International Open Access Week

Latest from International Open Access Week

The 2023 International Open Access Week theme, “Community over Commercialization,” resonated with researchers, advocates, students, funders, and people around the world interested in advancing open scholarship in the public interest. There were meaningful conversations about what individuals and communities need to do to ensure community values are at the center of disseminating critical knowledge.To illustrate

The open access movement was launched with the bold vision of “uniting humanity in a common intellectual conversation and quest for knowledge.”[1] When the Budapest Open Access Initiative (BOAI) first defined open access (OA) in 2002, we suggested that “an old tradition and a new technology have converged to make possible an unprecedented public good.”[2]

This year’s International Open Access Week theme, “Community over Commercialization,” highlights the urgency of addressing this central tension in the transition to open systems for research. This week, important conversations will take place around the world exploring which approaches to open scholarship prioritize the best interests of the public and the academic community, which do

Adopted by its 193 Member States, the UNESCO Recommendation on Open Science highlights the need to prioritize community over commercialization in its calls for the prevention of “inequitable extraction of profit from publicly funded scientific activities” and support for “non-commercial publishing models and collaborative publishing models with no article processing charges.” By focusing on these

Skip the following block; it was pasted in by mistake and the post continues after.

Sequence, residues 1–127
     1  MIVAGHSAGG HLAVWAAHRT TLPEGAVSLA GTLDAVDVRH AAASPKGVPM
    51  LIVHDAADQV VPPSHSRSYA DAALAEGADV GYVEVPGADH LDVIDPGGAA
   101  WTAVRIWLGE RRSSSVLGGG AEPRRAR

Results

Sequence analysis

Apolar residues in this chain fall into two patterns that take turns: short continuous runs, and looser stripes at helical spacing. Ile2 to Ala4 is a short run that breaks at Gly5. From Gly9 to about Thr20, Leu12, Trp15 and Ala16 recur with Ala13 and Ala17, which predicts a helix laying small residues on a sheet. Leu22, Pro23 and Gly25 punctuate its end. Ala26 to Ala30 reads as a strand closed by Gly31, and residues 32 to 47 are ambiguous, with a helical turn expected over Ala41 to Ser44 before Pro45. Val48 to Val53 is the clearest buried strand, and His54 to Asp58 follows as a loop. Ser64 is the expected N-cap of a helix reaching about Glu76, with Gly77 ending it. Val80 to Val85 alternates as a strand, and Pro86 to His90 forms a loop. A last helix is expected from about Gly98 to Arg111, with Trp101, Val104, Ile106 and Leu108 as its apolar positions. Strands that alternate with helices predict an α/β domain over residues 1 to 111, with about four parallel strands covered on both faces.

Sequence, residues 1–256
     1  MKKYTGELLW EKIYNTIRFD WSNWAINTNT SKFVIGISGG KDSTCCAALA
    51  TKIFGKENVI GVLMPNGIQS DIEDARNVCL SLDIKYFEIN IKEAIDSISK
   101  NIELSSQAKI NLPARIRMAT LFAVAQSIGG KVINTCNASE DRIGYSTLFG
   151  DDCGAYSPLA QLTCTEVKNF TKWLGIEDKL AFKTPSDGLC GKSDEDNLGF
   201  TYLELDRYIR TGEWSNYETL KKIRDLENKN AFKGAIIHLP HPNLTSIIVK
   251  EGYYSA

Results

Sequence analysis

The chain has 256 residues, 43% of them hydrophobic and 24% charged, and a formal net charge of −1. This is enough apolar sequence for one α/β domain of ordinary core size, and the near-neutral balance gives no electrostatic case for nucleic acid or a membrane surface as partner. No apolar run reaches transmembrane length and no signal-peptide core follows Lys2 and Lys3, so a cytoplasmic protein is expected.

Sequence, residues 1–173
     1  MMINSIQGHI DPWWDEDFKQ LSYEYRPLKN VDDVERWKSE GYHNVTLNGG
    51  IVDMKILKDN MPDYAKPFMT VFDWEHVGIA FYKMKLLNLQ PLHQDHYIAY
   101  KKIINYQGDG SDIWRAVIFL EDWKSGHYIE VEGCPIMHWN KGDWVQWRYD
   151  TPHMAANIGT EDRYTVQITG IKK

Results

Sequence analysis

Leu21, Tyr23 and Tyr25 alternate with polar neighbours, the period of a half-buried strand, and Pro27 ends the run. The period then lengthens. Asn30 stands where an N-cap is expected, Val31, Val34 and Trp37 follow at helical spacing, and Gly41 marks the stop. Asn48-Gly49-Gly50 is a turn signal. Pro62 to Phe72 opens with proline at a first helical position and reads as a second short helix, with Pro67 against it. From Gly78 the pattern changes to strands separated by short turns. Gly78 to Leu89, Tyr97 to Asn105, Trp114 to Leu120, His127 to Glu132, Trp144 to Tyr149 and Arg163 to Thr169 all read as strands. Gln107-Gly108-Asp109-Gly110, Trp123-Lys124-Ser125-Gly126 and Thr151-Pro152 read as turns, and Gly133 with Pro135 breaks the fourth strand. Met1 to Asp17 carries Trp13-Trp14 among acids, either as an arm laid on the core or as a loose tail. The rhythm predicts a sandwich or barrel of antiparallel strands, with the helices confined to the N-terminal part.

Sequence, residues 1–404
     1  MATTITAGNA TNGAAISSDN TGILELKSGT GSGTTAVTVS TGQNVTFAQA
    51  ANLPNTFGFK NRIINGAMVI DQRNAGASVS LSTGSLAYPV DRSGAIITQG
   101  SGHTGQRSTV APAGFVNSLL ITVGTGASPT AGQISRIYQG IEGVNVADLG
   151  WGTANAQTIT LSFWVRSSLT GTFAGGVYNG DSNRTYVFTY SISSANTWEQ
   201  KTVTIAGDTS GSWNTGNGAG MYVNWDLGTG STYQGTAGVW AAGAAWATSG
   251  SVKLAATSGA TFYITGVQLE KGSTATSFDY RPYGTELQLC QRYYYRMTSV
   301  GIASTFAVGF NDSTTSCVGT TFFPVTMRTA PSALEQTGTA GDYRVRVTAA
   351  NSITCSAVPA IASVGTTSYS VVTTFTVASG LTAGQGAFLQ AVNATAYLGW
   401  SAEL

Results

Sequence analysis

International Open Access Week 2022 and its theme of “Open for Climate Justice” created new connections between the open knowledge and climate movements. Advocates around the world launched tools and resources, announced new initiatives, published theme-related articles, and discussed how open knowledge can advance Climate Justice.Here is just a sample of the actions taken, collaborations

Today kicks off this year’s International Open Access Week with its theme of “Open for Climate Justice.” This year’s theme builds on the important previous Open Access Week discussions centered around knowledge equity. Climate Justice is an equity issue, and “Open for Climate Justice” explores the ways openness can create pathways to more equitable knowledge

This year’s theme intentionally aligns with the recently released UNESCO Recommendation on Open Science, of which Open Access is a crucial component. Circulated in draft form following discussion by representatives of UNESCO’s 193 member countries, the Recommendation powerfully articulates and centers the importance of equity in pursuing a future for scholarship that is open

Openness can be a powerful tool for building more equitable systems of sharing knowledge. Rebuilding research and scholarship to be open by default presents a unique opportunity to construct a foundation that is fundamentally more equitable. Yet today, structural racism, discrimination, and exclusion are present and persistent in places where openness is a core value.

As the transition to a system for sharing knowledge that is open by default accelerates, the question “open for whom?” is essential—both to consider and to act upon. Whose interests are being prioritized in the actions we take and in the platforms that we support? Whose voices are excluded? Are underrepresented groups included as full